Fowler flap Offset hinge length is 16 inches Flap deflection angle is 36 degrees Length of flap is 111.2 inches Aileron is moved 5.2 inches toward tip
Figure on right is from reference 1, Reynolds number of 2.2e6
Slotted flap design guidelines • Optimum position of flap leading edge depends primarily on the shape of the slot, and is best determined by experiment • In general, moves inward when lip is increased but is generally about .01c forward of lip • Usually a slot opening on the order of .01c or slightly more is best. • Best Cl’s are achieved using flaps with a wing shape. Avoid flaps with a blunt leading edge. from “Theory of wing sections”, Ira H. Abbott and Albert E. von Doenhoff, p. 212-213. Dover Publications, NY, 1959. (reference 4)
Slotted flap design Two different shapes of slots with different flap shapes. The one on the left is a smooth slot with max cl=2.535, the one on the right has a small lip with max cl=2.57. For this experiment, Cl clean at the same (or near) angle of attack is about 1.3, and Reynolds number was about 8e6.
Slotted flap design Slot with a larger lip and with a maximum Cl=2.65. from “Wind-tunnel investigation of an NACA 23012 airfoil with various arrangements of slotted flaps”, Wenzinger, Carl J; Harris , Thomas A, Langley Research Center, 1939, ID: 19930091739 (reference 5)
Conclusions • The design will produce the required extra lift to carry 300 more pounds • The aileron needs to be moved by about 5 inches • If aileron can’t be moved, then the offset hinge must be 19 inches long • track system seems more practical in this case Remark: It is possible to get a higher than 1.5, provided a detailed study of the flap cove shape, flap shape, and location are optimized, therefore 1.5 seems like a reasonable value, but experiments must be performed to confirm this.
Jim ForsbergHours worked: 107 Designed a Plain Flap with leading edge slats system that achieved the required Designed a Fowler Flap with leading edge slats system that achieved the required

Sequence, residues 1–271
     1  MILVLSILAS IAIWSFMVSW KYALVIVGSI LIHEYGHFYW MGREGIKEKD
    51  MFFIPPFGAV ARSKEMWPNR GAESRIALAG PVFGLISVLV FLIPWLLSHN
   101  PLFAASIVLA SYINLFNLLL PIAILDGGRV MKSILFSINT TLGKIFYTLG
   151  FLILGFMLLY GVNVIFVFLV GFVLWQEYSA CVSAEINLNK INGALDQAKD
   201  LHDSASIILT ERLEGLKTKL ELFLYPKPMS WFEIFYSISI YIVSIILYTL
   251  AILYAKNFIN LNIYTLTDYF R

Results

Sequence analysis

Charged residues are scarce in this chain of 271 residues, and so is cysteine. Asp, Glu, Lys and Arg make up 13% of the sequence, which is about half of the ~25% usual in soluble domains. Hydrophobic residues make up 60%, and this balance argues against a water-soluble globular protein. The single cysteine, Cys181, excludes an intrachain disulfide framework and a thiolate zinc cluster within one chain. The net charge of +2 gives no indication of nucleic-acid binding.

What will be considered to increase • Extend chord length, by changing position of slat. • Increase deflection angle (around ) on the Fowler and Plain flap. • Modify the shape of the Flap and Slat
Technical Reports In these graphs is around 1.4 for .16c Schwier, W., “Lift increase by blowing out air, tests on airfoil of 12 percent thickness, using various types of flap,” NACA Deutsche Luftfahrtforschung, Forschungsbericht, 1947
Technical Reports (continued) Quinn, John H. Jr., “Tests of the NACA 641A212 airfoil section with a slat, a double slotted flap, and boundary layer control by suction,” NACA Langley Memorial Aeronautical Laboratory, Langley Field, VA, 1947 From looking at the table and other technical reports it is reasonable to estimate that: At a 16% chord increase
Plain Flap and Slats Using this relationship: Withand an increase in chord of 16%, our = 5728 in^2 This requires the Flap Span to be 118 in.; 12 in. longer than thecurrent flap span Note: slat gets in the way of the transition cuff
Fowler and Slats Based on Raymer, the optimal for slats is 0.4. • Looking at technical reports, and interpolating, the slats need to produce around a 12% chord increase to get this . • Using the same relationship as before but now having be 0.18. This requires the slat span to be 92.6 in. long and the Fowler Flap to remain at 106 in.
Drawback to having Slats Known to create some drag compared to a non-slotted wing at cruise. Thus reducing the cruising speed. Heavier and more complex than other leading edge devices (slots). Deicing gets more complicated
Conclusion • Both the designs willproduce the required 300 more pounds. • The Plain Flap and Slat system require to have 12 in. more span than the current span. Moving the Aileron toward the tip and getting in the way of the cuff. • The Fowler with Slat system requires no change in span of the current wing and that the slat span does not interfere with the transition cuff.
Conclusion Going further: • Experiment with the Fowler and Slat system, to get a more accurate position for the Slat. • Continued research in finding a more precise for the Plain Flap and Slat system.
Michael AspHours Worked 105 I was in charge of designing a flapperon that would meet the design requirement for CL.
Mechanical Configuration Option 1 Option 2 *This would be investigated if we had more time to determine which set-up is more effective